Mexican cinema has been going through an exceptional boom over the last few years, and folks abroad have taken note. The historic feats of Alejandro González Iñárritu and Alfonso Cuarón at the Oscars aren’t matters of mere coincidence; it’s worth pointing out that two other Mexican directors, Carlos Reygadas and Amat Escalante, won the Best Director prize at the Cannes Film Festival twice consecutively in the last three years. Not to mention, the many filmmakers who have won prizes at the Sundance, Berlin, Locarno and Rotterdam Film Festivals, among many others. If we take the Oscars and Cannes as polar opposites in the (false, but hegemonic) dichotomy of film as either industry or art, we can affirm that Mexican filmmakers have conquered some of the greatest honors in world cinema.
Indeed, these prizes have generated more attention and enthusiasm for Mexican filmmakers, but they haven’t been able to guarantee better distribution and exhibition for Mexican films, specifically in the United States. Historically, Hollywood has been interested in foreign talent, but not in foreign films (here it is worth mentioning that Birdman is obviously not a Mexican film). This has been one of the biggest problems with the Academy Awards. Just as the Oscar for the Argentine film El secreto de sus ojos (The Secret in Their Eyes) didn’t open the door for more Argentine films in the United States, I fear that the triumphs of Cuarón and González Iñárritu will sadly not translate into better distribution platforms for Mexican cinema in this country.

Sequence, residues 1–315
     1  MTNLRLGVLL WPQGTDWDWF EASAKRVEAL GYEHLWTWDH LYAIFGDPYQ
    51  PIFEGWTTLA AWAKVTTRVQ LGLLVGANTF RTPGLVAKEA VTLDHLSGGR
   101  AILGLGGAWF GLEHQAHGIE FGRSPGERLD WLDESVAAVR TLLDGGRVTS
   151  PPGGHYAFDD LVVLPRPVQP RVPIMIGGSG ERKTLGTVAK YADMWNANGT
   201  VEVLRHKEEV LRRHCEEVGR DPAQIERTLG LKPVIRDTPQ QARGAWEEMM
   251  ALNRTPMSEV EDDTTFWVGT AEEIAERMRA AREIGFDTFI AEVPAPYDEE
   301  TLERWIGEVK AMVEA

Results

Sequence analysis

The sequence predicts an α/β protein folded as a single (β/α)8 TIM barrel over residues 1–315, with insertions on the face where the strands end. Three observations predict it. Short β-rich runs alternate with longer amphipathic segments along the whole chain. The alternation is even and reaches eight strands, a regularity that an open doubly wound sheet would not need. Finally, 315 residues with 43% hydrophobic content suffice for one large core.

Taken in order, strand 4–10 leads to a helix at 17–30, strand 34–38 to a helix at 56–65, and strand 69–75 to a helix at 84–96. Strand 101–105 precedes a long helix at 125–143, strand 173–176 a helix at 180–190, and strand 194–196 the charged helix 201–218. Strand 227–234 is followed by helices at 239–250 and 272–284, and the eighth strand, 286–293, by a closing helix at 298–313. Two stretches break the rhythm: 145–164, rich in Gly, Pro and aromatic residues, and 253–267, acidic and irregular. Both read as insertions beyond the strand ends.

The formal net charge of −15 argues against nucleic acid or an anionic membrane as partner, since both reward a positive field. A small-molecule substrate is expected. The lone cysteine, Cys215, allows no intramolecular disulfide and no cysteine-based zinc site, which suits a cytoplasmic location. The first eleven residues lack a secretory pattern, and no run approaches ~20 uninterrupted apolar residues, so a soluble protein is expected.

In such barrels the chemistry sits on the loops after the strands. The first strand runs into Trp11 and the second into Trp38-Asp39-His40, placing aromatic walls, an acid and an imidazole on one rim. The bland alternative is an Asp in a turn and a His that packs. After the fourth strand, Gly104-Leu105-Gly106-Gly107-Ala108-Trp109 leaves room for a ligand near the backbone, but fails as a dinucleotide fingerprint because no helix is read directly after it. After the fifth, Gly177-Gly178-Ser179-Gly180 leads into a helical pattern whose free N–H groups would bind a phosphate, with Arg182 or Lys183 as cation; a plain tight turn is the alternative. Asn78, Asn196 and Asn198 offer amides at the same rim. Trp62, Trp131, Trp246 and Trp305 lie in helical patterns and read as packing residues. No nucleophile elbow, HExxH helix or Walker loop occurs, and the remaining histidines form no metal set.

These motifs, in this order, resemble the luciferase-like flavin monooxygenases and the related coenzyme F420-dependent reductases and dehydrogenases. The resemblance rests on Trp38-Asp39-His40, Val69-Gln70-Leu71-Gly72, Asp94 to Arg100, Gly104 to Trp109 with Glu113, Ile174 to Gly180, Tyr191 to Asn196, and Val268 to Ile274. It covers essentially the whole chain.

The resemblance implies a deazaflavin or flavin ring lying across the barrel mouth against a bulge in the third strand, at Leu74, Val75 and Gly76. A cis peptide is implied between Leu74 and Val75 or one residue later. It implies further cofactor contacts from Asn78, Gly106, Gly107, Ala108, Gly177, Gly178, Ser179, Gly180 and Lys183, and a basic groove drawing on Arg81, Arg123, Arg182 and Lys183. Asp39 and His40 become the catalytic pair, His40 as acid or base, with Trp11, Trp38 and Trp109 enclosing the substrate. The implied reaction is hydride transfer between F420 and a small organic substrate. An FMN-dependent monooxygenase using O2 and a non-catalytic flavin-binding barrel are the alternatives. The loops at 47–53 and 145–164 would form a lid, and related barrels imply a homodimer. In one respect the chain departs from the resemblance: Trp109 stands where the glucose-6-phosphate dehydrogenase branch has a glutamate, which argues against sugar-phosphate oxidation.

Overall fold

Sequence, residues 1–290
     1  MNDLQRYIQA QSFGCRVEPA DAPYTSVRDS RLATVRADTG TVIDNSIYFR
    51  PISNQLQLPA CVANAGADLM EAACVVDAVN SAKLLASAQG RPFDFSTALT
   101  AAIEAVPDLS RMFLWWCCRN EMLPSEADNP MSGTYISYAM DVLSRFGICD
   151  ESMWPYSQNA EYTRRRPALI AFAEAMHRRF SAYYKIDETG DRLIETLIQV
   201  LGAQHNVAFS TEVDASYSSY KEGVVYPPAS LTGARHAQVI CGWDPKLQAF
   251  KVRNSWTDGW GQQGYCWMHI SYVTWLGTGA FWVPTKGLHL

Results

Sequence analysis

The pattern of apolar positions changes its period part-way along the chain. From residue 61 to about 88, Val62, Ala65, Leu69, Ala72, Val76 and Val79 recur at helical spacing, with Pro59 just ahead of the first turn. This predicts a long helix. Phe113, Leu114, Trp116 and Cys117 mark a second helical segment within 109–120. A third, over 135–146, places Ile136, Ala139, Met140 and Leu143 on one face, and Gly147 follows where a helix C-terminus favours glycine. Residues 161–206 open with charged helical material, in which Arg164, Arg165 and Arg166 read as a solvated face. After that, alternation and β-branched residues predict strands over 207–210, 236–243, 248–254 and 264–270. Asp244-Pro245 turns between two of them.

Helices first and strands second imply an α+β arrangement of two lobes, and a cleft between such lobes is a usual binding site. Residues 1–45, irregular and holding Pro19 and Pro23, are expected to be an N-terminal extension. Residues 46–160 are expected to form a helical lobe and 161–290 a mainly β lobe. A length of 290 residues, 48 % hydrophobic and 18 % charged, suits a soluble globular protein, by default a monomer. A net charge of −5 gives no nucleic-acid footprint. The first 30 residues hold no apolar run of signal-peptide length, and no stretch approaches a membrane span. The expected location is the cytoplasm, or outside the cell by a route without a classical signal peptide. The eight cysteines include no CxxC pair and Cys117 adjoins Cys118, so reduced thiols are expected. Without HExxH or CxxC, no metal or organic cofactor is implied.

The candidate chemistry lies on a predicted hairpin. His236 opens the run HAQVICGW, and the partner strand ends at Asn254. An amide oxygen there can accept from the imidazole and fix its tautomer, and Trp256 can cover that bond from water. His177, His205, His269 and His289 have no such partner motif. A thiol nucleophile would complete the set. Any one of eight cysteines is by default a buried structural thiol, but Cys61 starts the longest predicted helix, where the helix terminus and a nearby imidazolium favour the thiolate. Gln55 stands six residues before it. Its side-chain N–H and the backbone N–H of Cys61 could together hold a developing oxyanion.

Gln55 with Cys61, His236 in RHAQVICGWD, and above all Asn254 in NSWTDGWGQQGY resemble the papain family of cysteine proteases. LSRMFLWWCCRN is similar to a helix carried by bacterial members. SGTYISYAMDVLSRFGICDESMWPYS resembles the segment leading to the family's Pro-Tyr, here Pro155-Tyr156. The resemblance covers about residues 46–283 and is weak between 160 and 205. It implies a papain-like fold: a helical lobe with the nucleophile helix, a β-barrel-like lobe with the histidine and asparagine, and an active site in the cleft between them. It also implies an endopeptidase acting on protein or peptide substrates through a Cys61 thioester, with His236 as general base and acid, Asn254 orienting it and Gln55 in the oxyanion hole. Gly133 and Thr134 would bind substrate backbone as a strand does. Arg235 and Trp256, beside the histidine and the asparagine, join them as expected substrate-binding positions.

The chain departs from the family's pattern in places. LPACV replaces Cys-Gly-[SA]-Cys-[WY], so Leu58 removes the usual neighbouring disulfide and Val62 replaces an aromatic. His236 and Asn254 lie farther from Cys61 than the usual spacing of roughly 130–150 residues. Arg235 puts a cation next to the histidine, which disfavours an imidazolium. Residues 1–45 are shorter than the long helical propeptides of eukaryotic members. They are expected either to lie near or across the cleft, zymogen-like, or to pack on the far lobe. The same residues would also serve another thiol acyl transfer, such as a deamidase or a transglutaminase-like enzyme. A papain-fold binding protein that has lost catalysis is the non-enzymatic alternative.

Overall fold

“This problem has nothing to do with the filmmakers themselves… but rather with an archaic, worn out international structure that is falling apart.”
It’s fundamental to clarify that this problem has nothing to do with the filmmakers themselves (who are often blamed arbitrarily for the fact that their films aren’t seen), but rather with an archaic, worn out international structure that is falling apart. In the concrete case of the United States, every foreign film, regardless of its profile, is condemned to be marketed under the category of “art house cinema”, which represents less that one percent of the American box office and is thoroughly dominated by European films (particularly from France).
Just as we celebrate the success of two Mexican filmmakers at the Oscars, it seems appropriate to point out that Mexican cinema doesn’t end with González Iñárritu. Over the last decade many directors have debuted and consolidated their careers as filmmakers (Natalia Almada, Pedro González-Rubio, Fernando Eimbcke, Matías Meyer, Tatiana Huezo, Nicolás Pereda, Eugenio Polgovsky, Yulene Olaizola, to unfairly name just a few) and have produced a vast and magnificent national filmography. The challenge on both a national and international level continues to be how to make visible all of these marvelous films that continue to be marginalized in distribution and exhibition platforms, as well as in the media.
This Op-Ed originally appeared in Spanish in Milenio as “Talento extranjero, películas norteamericanas.“ Reposted with permission.
Translated from Spanish by Andrew S. Vargas.